The new mega-doc series One Strange Rock seeks to tell the story of Earth.
Launching on National Geographic on March 26, it’s a vast undertaking, filmed across 45 countries, six continents, and even from outer space.
It takes a very galactic view of Earth. Imagine, if you will, that an extraterrestrial spaceship is heading for Andromeda and suddenly locates Earth on its ultra high-end scanning device. Calling up the properties of our planet, its crew learn how the Earth creates and regulates oxygen, that its inhabitants formed from single-cell bacteria, that its extreme environment includes global dust storms and collapsing glaciers, and that the sun expels devastating particles and deadly radiation, yet provides the means for life.
Few beings have such an overarching perspective of our planet (that we’re aware of), but astronauts do.
That’s how One Strange Rock frames its out-of-this-world view. It drafted eight astronauts (Chris Hadfield, Jeff Hoffman, Mae Jemison, Jerry Linenger, Mike Massimino, Leland Melvin, Nicole Stott, and Peggy Whitson)—who have 1,000 days in space between them—to anchor an episode each; the entire series is hosted and narrated by Will Smith.
NatGeo held a press event in Los Angeles recently and PCMag went along to interview Stott (described by Will Smith, in his onscreen voiceover, as “a badass”). During her 27 years at NASA, she spent 104 days in space, first traveling to the International Space Station as part of the crew of STS-128. In 2009, Stott performed a six-hour and 39-minute spacewalk, and two years later, she was on the final flight of the Shuttle Discovery.
On One Strange Rock, Stott hosts Episode 2, which explains how Earth was sculpted from cosmic violence due to random collisions in a dangerous cosmos. We sat down with her to talk about spacewalks, shuttles, gravity, and her role in on the show. Here is an edited version of our conversation.
Firstly, tell us how you got involved with One Strange Rock. Did Darren Aronofsky have your home phone number in Florida?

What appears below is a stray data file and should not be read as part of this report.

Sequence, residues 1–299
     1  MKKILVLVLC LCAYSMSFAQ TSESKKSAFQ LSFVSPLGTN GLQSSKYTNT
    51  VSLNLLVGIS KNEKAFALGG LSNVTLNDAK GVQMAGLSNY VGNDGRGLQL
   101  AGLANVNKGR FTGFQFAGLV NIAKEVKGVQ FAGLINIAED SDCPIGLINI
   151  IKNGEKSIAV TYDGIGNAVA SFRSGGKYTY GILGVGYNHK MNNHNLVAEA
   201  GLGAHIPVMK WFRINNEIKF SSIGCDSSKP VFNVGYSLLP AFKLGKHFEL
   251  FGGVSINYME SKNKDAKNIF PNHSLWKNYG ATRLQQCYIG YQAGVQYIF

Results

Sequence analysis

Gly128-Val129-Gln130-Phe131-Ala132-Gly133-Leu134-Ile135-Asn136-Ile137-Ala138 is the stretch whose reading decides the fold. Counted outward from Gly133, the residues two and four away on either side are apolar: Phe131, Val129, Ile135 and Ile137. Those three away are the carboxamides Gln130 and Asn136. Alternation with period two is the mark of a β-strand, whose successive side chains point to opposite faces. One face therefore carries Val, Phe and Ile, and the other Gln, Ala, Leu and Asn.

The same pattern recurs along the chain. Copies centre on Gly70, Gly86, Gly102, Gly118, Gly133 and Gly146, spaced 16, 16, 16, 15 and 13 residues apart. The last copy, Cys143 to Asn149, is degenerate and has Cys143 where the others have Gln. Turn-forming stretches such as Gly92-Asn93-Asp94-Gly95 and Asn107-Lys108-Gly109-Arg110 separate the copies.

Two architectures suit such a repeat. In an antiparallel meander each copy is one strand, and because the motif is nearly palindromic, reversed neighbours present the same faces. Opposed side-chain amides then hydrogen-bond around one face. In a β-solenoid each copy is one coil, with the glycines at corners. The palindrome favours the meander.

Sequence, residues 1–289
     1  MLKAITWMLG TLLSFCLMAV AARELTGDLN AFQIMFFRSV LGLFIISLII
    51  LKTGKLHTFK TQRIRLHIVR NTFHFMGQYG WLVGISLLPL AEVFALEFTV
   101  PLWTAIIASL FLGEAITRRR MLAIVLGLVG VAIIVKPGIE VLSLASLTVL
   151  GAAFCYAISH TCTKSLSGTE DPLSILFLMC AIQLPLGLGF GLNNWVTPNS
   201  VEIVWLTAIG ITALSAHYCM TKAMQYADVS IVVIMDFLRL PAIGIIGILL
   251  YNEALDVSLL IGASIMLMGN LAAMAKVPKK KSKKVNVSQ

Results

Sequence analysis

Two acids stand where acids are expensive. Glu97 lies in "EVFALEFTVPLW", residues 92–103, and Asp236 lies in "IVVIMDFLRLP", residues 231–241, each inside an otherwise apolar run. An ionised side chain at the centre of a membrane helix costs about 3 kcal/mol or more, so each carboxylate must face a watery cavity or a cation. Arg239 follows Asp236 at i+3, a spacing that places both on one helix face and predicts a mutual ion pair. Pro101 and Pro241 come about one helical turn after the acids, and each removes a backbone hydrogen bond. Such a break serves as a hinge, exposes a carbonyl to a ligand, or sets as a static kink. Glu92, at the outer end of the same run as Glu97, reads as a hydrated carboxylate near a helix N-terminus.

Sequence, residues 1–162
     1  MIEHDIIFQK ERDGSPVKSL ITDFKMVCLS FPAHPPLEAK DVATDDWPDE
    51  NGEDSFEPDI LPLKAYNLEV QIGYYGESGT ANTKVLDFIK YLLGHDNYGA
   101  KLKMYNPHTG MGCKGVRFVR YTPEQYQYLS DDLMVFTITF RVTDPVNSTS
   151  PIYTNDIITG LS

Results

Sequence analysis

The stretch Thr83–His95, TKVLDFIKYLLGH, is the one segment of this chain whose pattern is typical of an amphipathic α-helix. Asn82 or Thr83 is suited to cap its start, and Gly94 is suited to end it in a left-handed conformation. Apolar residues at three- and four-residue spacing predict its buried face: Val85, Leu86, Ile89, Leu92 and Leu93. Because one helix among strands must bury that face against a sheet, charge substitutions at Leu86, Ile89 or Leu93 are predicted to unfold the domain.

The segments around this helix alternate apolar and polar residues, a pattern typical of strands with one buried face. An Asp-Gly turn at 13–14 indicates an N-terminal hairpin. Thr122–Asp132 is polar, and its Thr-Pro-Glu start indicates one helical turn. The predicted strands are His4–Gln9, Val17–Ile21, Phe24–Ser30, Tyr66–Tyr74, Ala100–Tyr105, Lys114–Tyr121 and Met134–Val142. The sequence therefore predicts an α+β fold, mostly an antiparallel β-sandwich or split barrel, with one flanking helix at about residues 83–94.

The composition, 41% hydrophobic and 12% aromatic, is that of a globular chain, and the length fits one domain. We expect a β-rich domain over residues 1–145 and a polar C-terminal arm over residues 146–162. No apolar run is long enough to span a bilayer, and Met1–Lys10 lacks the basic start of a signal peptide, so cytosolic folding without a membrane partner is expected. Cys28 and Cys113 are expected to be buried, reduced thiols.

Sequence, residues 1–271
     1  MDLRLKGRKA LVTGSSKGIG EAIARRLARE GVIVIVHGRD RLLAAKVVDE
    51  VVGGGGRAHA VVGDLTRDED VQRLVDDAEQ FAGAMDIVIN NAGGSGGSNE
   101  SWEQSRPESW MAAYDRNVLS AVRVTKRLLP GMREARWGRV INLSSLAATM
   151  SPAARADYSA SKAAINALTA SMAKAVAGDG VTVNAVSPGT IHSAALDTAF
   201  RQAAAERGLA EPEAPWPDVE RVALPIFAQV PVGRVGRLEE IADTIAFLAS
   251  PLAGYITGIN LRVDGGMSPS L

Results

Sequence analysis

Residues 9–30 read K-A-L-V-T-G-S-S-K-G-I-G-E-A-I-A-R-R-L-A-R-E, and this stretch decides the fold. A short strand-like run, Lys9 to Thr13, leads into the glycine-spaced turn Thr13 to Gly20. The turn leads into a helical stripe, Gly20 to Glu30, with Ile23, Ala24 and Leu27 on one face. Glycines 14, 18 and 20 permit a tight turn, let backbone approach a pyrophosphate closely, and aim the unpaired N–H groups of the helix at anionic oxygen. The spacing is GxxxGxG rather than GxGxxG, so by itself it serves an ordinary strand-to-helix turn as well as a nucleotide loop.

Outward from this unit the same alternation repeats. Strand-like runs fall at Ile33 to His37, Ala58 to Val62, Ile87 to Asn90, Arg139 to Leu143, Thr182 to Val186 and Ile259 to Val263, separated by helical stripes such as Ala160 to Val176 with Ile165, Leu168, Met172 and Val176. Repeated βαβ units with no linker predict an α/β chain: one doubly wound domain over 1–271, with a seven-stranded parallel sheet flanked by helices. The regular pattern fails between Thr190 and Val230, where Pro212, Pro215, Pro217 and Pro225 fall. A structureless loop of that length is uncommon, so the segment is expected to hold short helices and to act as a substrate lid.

Ha! No. The folks from Nutopia called me in 2015, and I thought the concept was just so fresh. At first I wondered why the astronaut connection, but then I got it. One Strange Rock—yes. It is. This is our home. And when you take the time to think about it, it’s pretty wild to think about our home as a planet, and that we are all Earthlings. I am really pleased with how the series has turned out. I think everyone who watches it will feel like they’ve been re-introduced to the awesomeness of our home planet.
So let’s talk about your experience in space, which gave you the perspective the producers wanted on One Strange Rock. When you were doing that six-hour spacewalk, what was your mission objective?
The mission objective for the spacewalk was to recover science results from materials exposed to the space environment on the European Technology Exposure Facility (EuTEF) and Materials International Space Station Experiment (MISSE) hardware, which was located outside of the International Space Station on the Columbus Laboratory; and also the removal of an ammonia tank that had failed several months before our flight—all of this hardware was going to be returned in the space shuttle to the scientists on Earth.
Can you describe what it was like up there during your spacewalk?
Flying in space is surreal. The spacewalk was the most surreal part of the spaceflight experience—to be outside in my own personal spaceship and crawling all around the outside of the ISS and experiencing the planet below me through just the visor of my spacesuit. The highlight for me was riding on the end of the robotic arm, the big crane. I was strapped into the end of the arm and I pulled this box called EuTEF off the end of the space station. As I grabbed it, I’m in the foot restraint, and this box has just been disconnected, then in my mind, I thought: ‘On Earth, this thing would weigh 900 pounds!’ But I could just easily move it, because we were in space. I could move it anywhere I wanted.
A realization of superhero-style powers while in zero-g?
I did think: ‘Wow, I am super strong.’ But then I had to tell myself: ‘Okay, Nikki, don’t get it moving too fast, cause if you do it’s gonna take you with it, or hit the ISS.’ You don’t want to be that person…
But a deeply cool moment. Earthbound laws of gravity just don’t apply up there.
Right! It was a realization of the impressive physics of the entire mission and our role in it. [Sir Isaac] Newton got it right with that whole concept of momentum and laws of motion: What’s in motion, is going to stay in motion.
Going back a bit now. What was your most challenging part of astronaut training?